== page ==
The free events are 8 a.m. to 8 p.m. Thursday Jan. 19 through Saturday Jan. 21, 2012 at both the Hartford Hilton, 315 Trumbull Street, Hartford and the Bridgeport-Trumbull-Fairfield Holiday Inn, 1070 Main Street, Bridgeport.  Free parking is available at both sites at the Church Street Garage in Hartford and Imperial Parking Garage in Bridgeport, which is adjacent to the hotel.

Bank of America mortgage customers who are experiencing financial hardship will have the opportunity to meet with home loan specialists, who can review their mortgage and discuss available options. Spanish-speaking translators will be available at both locations.

The events are free and registration is encouraged to help ensure customers receive same-day assistance. Registration can be made online at, or by calling the toll-free number, 1-855-201-7426. The documents a customer will need to bring for a mortgage review are listed on the website.

Connecticut homeowners who are not Bank of America customers, but having difficulty making mortgage loan payments, should contact the state Department of Banking’s Foreclosure Assistance Hotline at 1-877-472-8313.  The Department assists homeowners who are attempting to achieve loan modifications and prevent foreclosure.  The Department’s website,, has valuable information about avoiding scams, applying for loan modifications, and navigating the foreclosure process.

Are CT Attorneys Trolling Foreclosure Records For Business?

Lawyers sell hope. In six years of practice (FTR, active practice of law at the bar of the State of CT), I have yet to have an initial consultation with a client who came to me because something awesome happened in his life.  I suspect that day will never come.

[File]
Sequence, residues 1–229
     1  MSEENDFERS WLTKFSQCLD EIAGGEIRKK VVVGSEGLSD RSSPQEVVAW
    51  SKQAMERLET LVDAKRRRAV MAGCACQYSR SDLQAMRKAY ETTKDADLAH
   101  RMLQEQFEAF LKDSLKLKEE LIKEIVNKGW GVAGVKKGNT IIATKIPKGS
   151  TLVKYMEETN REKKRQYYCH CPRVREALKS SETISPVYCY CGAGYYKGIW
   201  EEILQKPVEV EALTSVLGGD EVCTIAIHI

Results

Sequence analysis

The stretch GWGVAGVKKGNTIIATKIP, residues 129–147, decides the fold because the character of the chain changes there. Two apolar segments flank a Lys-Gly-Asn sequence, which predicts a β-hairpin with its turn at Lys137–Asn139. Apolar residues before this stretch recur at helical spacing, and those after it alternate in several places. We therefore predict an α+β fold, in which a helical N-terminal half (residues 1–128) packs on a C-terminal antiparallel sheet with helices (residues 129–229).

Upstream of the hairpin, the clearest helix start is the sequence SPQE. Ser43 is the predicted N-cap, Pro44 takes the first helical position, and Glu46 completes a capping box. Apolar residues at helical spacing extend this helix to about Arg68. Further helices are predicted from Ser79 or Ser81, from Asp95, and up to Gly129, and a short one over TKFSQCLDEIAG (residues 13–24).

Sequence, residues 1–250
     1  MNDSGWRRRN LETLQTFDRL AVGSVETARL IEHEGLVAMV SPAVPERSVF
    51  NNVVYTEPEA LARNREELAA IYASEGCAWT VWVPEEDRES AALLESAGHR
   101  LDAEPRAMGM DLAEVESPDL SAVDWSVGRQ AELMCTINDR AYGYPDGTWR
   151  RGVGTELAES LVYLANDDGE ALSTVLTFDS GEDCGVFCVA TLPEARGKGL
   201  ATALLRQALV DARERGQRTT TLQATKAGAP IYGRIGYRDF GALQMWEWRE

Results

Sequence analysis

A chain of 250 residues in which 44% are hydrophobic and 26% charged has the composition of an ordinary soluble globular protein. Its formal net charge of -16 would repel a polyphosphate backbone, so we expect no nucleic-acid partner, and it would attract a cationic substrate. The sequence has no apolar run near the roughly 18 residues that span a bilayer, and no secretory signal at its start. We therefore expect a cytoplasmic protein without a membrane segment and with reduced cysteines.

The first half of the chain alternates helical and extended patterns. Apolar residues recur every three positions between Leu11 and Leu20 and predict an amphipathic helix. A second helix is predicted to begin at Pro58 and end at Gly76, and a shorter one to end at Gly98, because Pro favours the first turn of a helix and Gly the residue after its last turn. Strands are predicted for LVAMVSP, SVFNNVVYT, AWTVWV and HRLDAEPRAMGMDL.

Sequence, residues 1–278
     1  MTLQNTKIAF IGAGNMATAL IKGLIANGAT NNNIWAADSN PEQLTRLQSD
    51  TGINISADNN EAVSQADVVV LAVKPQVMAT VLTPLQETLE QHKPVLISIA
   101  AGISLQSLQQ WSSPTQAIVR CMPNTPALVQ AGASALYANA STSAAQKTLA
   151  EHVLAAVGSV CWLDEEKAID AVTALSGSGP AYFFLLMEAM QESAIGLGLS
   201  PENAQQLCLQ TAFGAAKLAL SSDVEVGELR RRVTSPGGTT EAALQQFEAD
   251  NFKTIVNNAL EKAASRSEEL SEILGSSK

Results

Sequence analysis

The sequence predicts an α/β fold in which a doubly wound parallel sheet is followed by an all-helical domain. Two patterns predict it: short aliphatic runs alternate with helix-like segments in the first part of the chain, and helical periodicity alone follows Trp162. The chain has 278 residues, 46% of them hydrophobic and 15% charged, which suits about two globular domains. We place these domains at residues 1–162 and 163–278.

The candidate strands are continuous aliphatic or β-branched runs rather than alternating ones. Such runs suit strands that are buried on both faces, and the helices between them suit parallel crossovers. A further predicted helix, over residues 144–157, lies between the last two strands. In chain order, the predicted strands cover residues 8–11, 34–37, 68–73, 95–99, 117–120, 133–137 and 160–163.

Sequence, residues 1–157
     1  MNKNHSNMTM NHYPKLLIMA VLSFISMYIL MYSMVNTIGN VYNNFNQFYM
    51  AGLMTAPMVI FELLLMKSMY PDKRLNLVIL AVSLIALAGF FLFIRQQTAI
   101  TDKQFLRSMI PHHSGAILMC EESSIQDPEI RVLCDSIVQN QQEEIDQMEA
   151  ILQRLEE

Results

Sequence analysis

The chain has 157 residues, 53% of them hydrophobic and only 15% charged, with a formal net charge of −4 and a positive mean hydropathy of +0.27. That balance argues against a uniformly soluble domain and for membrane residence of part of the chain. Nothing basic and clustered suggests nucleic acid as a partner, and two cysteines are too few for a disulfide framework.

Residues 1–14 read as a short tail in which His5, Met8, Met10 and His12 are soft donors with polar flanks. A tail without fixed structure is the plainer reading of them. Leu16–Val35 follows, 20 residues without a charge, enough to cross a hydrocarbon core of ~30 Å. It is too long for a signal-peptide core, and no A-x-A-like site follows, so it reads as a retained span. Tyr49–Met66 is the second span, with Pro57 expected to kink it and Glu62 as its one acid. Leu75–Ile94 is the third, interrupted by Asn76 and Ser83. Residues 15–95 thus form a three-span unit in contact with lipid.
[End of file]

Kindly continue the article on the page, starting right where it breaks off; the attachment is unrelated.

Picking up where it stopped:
I’ve represented clients facing foreclosure. No one searches for hope more than a person about to be homeless.  The stress on a parent about to have no place for their child to sleep is unbearable.  Clients in this situation uniformly break down in tears talking to me.

Recently, I was speaking with a person facing foreclosure. The bank had just filed papers. She told me that within weeks of being served she started receiving mail from attorneys seeking to defend her in the foreclosure action.  A sign of the times, indeed.

A person facing foreclosure should see an attorney. Often a consult or representation can make a difference in the outcome of a case. Even if that outcome is simply more time to move.  The earlier a person facing foreclosure sees a client the better chance an attorney has to do something beneficial for the client.  Those are words written from my chair.

From my clients chair, her thoughts were “how does everyone know” and “I’m so embarrassed”.  Those letters made her feel worse about the situation.

She asked “how do they know?” To which my response was they either got the information from the land records or court records.

Arguably such solicitations are against the rules of professional ethics. Rule 7.3 covers “Personal Contact With Prospective Clients” and the relevant sections read as follows:

(b) A lawyer shall not contact, or send, a written or electronic communication to, a prospective client for the purpose of obtaining professional employment if…..